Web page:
5 for 5: The Dragon Hike

Yesterday I hiked 5 Peaks in the San Gorgonio Wilderness. 5 Peaks for 5 Deployments – that’s what I’m telling myself. Last time he left, I hiked 4; three were the same as yesterday, but this time I added on two new peaks as well and took a different route. There’s a beautifully tragic symmetry in there that I can’t quite wrap my head around.


My GPS track on “The Dragon Hike” or “5 for 5”

Months ago, C had agreed to co-lead this hike with the Sierra Club and I jumped at the chance to participate. We both figured it would be excellent training for future hiking endeavors; it promised to be a long day above 10K feet and I would add Bighorn (10,997) & Dragon’s Head (10,866)  to my HPS Peak List (not that I’m counting – but those suckers are numbers 116 & 117). The catch?

I would have to ascend Dobbs Ridge.


Dobbs Ridge – the first 4 miles of awesomeness. I like how our pace resembles a seismograph.

Two years ago, during my 4 Peaks for 4 Deployments hike, I had the distinct pleasure of descending Dobbs Ridge. My knees hurt for days. And I swore that I would never ascend that thing because I just knew it would just be too fucking painful. It’s interesting…how we don’t think that we’ll ever do something or end up going somewhere specific and WHAM! – life changes, and there you are. I guess the lesson is to never assume. I never would have assumed that I would sign up to climb Dobbs Ridge – but yesterday saw me doing just that.

And you know what? I was surprised, but it wasn’t as bad as I thought it would be.


Dobbs Ridge slopes up to the right. From the Vivian Creek Trail

I think that’s another interesting thing about life – sometimes we build up stuff to be way way worse in our mind than it really is. But once I was actually doing it, climbing up up up the loose, rocky, sandy ridge – I had a good time.

I loved being outside, in one of my favorite wilderness areas, doing something that I love with really good people. I have no idea how long it actually took us to reach the four miles to Dobbs Peak but it didn’t really matter. There were definitely bits that were uncomfortable – my calves were barking at me, the insertion point between my left glute and hamstring was tight (no, I wasn’t grabbing my ass, I was just working out a knot), and the extra seven pounds of water (96 oz) or so that I was carrying to cache for a future hike made my eyes sting with salty sunscreen. Regardless of discomfort, I kept going – methodical, taking my time – one foot in front of the other. Sometimes that’s just all you need to do.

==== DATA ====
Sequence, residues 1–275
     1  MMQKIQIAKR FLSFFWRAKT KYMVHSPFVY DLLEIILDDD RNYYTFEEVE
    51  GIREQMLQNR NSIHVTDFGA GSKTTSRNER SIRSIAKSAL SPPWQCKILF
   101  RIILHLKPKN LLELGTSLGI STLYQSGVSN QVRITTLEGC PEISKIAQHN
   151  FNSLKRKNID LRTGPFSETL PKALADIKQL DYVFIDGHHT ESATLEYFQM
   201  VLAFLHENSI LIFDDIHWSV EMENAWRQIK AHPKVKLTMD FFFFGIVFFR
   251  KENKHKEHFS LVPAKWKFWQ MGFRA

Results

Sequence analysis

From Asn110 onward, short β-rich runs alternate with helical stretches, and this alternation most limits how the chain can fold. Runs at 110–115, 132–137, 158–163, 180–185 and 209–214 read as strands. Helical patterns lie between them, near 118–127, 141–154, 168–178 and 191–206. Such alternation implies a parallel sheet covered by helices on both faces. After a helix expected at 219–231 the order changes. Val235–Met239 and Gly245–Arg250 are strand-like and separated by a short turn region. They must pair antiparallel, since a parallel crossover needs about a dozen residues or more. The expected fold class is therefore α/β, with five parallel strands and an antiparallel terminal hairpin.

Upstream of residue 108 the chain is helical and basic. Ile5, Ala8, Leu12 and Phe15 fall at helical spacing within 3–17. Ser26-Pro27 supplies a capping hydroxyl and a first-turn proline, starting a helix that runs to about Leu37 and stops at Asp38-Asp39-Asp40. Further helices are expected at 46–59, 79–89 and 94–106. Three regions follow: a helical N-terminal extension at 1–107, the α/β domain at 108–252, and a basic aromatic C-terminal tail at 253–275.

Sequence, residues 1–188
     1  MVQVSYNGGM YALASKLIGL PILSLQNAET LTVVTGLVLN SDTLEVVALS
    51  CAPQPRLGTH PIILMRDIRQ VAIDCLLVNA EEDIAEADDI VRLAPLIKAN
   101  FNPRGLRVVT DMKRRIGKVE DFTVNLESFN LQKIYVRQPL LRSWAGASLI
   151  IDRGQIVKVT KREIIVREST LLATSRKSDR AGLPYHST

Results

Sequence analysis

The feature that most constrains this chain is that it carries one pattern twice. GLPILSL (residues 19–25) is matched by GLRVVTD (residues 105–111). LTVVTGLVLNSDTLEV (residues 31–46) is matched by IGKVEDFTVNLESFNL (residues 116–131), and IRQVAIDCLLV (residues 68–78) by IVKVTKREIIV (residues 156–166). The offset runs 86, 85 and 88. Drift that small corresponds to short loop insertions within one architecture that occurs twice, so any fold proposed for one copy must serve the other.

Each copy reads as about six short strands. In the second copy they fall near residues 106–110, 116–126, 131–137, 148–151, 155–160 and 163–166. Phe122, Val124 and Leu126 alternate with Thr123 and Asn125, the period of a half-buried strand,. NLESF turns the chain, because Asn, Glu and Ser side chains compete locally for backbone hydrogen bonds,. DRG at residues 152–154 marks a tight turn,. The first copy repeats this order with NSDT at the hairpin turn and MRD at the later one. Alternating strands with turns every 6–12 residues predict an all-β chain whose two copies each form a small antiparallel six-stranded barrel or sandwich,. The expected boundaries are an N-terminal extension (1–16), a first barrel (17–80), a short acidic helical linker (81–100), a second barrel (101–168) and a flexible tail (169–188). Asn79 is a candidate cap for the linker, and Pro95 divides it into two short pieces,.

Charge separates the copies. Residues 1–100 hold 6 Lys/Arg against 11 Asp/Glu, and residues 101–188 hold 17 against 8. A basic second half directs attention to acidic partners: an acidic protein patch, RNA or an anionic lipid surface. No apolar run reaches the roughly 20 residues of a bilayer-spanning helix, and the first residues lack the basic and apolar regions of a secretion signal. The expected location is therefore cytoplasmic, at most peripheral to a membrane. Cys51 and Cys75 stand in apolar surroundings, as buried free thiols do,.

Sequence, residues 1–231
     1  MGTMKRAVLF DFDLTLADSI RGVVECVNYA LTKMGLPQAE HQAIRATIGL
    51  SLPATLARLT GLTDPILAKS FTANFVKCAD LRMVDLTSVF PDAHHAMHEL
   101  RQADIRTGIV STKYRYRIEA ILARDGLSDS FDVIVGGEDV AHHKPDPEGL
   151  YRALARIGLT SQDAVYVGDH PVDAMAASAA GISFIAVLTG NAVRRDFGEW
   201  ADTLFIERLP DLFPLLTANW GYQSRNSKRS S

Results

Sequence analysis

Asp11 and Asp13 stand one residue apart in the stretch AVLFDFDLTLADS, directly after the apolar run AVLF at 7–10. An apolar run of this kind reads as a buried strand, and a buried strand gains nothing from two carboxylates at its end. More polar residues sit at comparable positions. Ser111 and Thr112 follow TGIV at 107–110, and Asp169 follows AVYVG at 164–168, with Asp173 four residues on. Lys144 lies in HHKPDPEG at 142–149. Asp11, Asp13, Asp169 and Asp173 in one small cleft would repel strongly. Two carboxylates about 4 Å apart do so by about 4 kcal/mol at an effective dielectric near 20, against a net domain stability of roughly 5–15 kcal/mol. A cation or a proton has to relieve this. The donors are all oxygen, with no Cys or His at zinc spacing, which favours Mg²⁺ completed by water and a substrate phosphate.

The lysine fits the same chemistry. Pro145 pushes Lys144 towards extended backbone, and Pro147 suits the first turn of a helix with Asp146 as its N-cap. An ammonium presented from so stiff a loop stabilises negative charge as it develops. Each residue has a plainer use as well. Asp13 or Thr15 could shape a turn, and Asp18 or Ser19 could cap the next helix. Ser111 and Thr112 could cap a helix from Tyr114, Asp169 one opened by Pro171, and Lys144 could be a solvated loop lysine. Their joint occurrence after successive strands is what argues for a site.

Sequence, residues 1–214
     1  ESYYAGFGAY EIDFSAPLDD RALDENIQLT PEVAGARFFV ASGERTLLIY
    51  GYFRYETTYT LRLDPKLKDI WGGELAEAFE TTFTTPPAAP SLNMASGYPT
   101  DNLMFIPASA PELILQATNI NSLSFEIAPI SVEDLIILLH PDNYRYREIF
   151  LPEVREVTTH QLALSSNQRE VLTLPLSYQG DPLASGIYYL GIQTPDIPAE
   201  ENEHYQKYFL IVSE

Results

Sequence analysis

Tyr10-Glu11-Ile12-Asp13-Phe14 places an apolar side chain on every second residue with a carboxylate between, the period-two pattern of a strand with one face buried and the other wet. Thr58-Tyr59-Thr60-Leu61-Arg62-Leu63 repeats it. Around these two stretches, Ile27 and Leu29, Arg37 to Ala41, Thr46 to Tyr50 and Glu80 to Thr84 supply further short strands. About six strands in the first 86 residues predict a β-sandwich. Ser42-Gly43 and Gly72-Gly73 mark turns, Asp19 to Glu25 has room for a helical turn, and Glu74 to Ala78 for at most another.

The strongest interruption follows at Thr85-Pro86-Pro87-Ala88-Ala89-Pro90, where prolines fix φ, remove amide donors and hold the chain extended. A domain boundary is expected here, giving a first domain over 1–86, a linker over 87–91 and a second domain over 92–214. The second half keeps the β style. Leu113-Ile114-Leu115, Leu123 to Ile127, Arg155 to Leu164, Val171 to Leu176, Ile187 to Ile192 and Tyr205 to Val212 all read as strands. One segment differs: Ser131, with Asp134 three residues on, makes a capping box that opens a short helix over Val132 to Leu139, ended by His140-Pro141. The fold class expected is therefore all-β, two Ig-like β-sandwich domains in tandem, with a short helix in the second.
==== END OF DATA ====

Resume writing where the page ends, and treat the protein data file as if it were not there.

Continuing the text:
Climbing out of The Tarn, a dry lake at 10,600 feet to Bighorn Peak.

Pretty quickly, the scenery changed and once we got above 10K feet in elevation, the trees thinned out. It was fun to visit peaks that I’ve been to before, take snapshot images of the terrain in prep for future adventures, sign completely new registers, and enjoy some of THE BEST views in all of Southern California.

Overall it was a fantastic experience. While we didn’t cover a huge number of miles, the day was a long one with plenty of cross country, off trail travel. It can be tedious and side traversing along the loose, sandy bowl of San G was not always fun and I ended up with more sand and rocks in my shoe than what we’ve got in the kitty box (okay, maybe a slight exaggeration). Regardless – I wouldn’t have changed a thing.

San_G_Greats_small There was definitely a point though where I was done for the day. I had managed to save myself from a magnificent face plant with my left forearm (totally bruised today), and at mile 15, with just over an hour of hiking to go, the group I was with waited for the others to catch up. It was 20 minutes of being attacked by mosquitos and the point where – even though I was carrying 38 essentials – I realized that I did NOT have essential # 39 (a mesh bug cover) and therefore enjoyed being eaten alive by mosquitos. I found myself pacing just fast enough to stay ahead of the buggers. Just as soon as the others caught up, my group was off – so fast that we missed seeing the largish bear near one of the creek crossings.


So there we have it. My 5 for 5 hike – The Dragon Hike. Today I’m tired, or “rundown” as C reported. We spent a solid 12+ hours outside, with 6500 feet of elevation gained and 18-ish miles covered. And as such, I’m still wearing my pjs and have consumed way too much tea today. It was a LONG day – but a GOOD day.


Last rays of the sun hitting the Yucaipa Ridge. From the Vivian Creek Trail.

You know, I’m going to remember this hike, not only because I love the fact that the GPS track resembles a dragon…. but more seriously, because it served as a reminder that sometimes what I’ve built up in my head is way worse than what the reality is. And at the beginning of yet another deployment, that’s a good lesson to keep in mind (although it doesn’t take away the suck factor). But – things can be different, life is in constant flux…terrible symmetrical beauty and all. Maybe I need to work a little more on my own internal dragon and not be so scared of that other, uncontrollable stuff – it just might not be that bad. And I shouldn’t avoid doing something or be fearful, just because I’m afraid of what might be. Because at the end of the day, everything was okay…I had a lot of fun, hiked hard with great friends, learned a valuable lesson, and loved spending my day climbing big peaks. If that isn’t what life is about, then I don’t know what is.

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